A yellow spice that gives several Asian cuisines color and flavor has also been used for traditional medicinal purposes in the region for decades. Recently, the compound that gives turmeric its yellow color and powerful flavor, curcumin, is the subject of numerous malignant mesothelioma (MM) studies. Read the rest of this entry »
A new book highlights the effects Mr. Fluffy, a form of loose asbestos insulation, has on the Australian capital of Canberra. The insulation was used extensively in the area by a sole contractor in the 1960s and 1970s and was later found to contain asbestos, a group of silicate minerals linked to the development of mesothelioma and other health concerns. Read the rest of this entry »
Clinical trials are a vital part of medical testing, and their results determine treatment options for those diagnosed with an array of diseases. For those with mesothelioma, a deadly cancer caused by exposure to asbestos that affects the lining of the heart, lungs or abdomen, the results of clinical trials can determine how much longer a patient has to live.
A new study published in the journal The Oncologist stresses the important differences between two ways clinical trials determine outcomes for mesothelioma patients, according to Mesothelioma Research News. Read the rest of this entry »
The House Judiciary Committee approved a bill last week targeting asbestos injury compensation. The bill, the Furthering Asbestos Claim Transparency Act of 2017 (FACT Act) or H.R. 906, claims to “weed out unmeritorious class action claims,” according to Forbes. The act, which met tough opposition during its last run, was reintroduced by Rep. Blake Farenthold (R-Texas) this year in hopes a Republican majority in Congress would see the bill signed into law by the Republican president.
H.R. 906 passed the committee by a 19-11 vote. And though it has managed to slip back onto the docket, all of the previous opposition still applies, as Legal Newsline confirmed it was the same version as last year’s bill. Read the rest of this entry »
What if the key to improving treatment for mesothelioma, a deadly cancer associated with exposure to asbestos, lies within medicines or a combination of medicines that already exist? Cancer researchers are working on just that.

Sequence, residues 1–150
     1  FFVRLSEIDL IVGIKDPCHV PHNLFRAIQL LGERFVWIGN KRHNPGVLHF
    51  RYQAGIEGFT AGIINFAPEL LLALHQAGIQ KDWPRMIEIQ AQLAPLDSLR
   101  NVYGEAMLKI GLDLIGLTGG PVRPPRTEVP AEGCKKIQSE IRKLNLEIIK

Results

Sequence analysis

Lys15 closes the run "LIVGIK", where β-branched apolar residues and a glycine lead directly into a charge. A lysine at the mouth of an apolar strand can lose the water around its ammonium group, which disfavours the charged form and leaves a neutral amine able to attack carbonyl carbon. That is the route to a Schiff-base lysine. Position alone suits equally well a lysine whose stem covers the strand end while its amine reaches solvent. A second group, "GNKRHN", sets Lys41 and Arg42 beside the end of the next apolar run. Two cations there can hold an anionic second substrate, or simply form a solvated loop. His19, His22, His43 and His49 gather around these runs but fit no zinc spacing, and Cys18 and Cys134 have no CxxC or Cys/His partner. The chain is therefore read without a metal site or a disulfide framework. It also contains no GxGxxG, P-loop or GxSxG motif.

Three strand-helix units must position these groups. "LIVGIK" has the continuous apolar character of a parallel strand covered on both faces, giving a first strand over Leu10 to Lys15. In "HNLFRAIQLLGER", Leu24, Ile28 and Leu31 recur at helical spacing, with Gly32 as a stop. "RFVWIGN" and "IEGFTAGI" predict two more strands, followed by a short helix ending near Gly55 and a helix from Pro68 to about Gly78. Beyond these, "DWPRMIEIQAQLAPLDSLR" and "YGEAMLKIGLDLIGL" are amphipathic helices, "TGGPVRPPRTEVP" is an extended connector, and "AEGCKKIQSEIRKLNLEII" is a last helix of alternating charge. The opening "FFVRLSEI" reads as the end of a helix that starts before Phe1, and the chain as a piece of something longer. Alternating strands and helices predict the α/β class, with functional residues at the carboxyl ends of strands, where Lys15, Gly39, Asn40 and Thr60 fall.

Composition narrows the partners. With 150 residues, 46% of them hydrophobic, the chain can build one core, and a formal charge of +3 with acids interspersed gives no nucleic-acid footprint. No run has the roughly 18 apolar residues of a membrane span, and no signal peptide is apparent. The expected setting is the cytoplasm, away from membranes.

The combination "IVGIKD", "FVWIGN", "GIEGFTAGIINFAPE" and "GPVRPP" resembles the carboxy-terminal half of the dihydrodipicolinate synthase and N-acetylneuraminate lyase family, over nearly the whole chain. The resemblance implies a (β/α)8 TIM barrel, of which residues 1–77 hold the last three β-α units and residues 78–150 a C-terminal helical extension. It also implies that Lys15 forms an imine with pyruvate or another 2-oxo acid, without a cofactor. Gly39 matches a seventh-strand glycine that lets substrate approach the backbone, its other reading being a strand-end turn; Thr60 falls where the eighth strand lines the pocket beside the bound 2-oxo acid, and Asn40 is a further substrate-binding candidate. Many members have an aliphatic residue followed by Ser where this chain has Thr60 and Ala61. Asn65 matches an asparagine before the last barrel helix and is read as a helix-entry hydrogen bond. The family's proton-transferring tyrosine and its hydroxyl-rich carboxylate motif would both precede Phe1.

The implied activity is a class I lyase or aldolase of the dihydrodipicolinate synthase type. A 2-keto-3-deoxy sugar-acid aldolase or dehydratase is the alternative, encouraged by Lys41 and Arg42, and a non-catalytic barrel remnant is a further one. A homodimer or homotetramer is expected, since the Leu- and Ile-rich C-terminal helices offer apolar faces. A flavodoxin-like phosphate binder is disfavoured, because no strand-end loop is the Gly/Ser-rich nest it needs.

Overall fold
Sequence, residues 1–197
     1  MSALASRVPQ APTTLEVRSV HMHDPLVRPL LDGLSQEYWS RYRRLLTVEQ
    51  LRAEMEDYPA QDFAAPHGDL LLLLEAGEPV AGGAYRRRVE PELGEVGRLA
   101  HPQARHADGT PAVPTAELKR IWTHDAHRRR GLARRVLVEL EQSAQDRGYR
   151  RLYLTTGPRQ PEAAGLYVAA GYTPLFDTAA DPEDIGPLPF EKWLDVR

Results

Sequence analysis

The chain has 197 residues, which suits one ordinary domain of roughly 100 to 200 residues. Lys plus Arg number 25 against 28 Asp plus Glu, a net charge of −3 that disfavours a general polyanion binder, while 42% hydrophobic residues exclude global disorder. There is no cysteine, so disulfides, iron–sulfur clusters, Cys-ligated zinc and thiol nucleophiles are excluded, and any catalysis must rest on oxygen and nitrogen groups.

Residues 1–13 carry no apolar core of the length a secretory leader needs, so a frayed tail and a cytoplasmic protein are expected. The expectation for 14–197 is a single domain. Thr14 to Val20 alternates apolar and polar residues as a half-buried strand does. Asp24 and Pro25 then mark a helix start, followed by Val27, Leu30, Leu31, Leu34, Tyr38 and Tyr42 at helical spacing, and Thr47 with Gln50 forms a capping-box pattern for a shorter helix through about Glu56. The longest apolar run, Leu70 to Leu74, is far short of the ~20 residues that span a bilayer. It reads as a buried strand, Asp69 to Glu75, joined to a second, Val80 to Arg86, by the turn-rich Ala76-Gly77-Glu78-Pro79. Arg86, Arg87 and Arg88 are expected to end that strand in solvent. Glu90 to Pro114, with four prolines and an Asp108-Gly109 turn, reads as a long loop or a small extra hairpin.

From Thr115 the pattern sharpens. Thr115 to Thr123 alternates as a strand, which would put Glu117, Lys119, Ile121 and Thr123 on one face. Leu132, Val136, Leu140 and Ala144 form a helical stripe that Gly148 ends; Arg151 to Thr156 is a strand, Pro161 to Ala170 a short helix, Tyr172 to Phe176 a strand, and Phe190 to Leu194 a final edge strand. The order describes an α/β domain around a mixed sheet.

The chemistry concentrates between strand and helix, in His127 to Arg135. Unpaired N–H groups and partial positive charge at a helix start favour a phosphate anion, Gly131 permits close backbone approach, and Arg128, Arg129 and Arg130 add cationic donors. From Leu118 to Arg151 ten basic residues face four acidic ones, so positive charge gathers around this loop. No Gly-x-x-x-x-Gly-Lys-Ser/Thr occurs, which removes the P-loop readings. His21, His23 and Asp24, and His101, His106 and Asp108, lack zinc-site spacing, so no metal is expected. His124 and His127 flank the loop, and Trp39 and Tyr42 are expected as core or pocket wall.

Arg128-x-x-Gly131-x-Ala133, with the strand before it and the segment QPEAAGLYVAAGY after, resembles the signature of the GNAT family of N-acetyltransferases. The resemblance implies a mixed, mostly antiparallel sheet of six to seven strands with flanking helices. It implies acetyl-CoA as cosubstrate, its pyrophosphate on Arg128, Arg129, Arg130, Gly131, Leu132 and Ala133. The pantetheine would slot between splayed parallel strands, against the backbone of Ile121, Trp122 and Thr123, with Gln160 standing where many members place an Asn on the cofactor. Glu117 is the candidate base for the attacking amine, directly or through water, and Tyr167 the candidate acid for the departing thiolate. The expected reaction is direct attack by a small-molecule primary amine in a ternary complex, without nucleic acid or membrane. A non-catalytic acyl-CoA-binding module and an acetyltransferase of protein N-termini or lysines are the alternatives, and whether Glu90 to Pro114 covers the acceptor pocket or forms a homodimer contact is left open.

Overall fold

Studies are testing to see if a generic drug used for more than 40 years to treat parasitic infections may hold the potential to treat an array of cancers, according to National Public Radio. The drug, mebendazole, is one of a host of drugs, including a diabetes drug and a blood pressure drug, that researchers are studying to determine their ability to be repurposed for cancer treatment. Read the rest of this entry »
It is no secret that shipyard workers were often exposed to asbestos, and therefore, now have an increased risk of developing an asbestos-related disease, such as lung cancer and mesothelioma, a deadly cancer affecting the lining of the lungs, heart or abdomen with often decades-long latency periods.
A new study of 4,702 shipyard workers employed at the Coast Guard Shipyard in Baltimore in the 1950s and 1960s found, using standard mortality ratios, that exposure to five different types of chemicals—solvents, lead, oils/greases, wood dust and asbestos—all raised the risk of pleural mesothelioma and lung cancer, according to Surviving Mesothelioma. Read the rest of this entry »
A form of loose asbestos insulation used in the Australian capital of Canberra, Mr. Fluffy has caused problems for the Australian Capital Territory (ACT) and homeowners alike since a sole contractor used the insulation in territory homes beginning in 1968, myMeso previously reported.
A new study by the Australian National University showed more than 80 percent of homeowners in Fluffy-contaminated houses had renovated their homes, greatly increasing the risk of asbestos exposure to occupants and renovation crews, according to The Canberra Times. Read the rest of this entry »
The English borough with the highest mesothelioma mortality rate in the country may lose its local office for filing disability benefits and industrial illness claims, according to the North-West Evening Mail. Read the rest of this entry »
Properties in polysulfur aromatic alkaloids found in Pacific sea squirts, sac-like marine invertebrate filter feeders, have the potential to kill cancer cells, including pleural mesothelioma, according to Surviving Mesothelioma. Read the rest of this entry »
Sarcomatoid mesothelioma—a subtype of the deadly cancer associated with asbestos exposure—is the rarest form of the cancer and the most resistant to treatment. A new study published in Modern Pathology points to a newly discovered biomarker as a key to differentiating between sarcomatoid mesothelioma and lung sarcomatoid carcinoma, a type of lung cancer mesothelioma is often mistaken as, according to Mesothelioma Research News. Read the rest of this entry »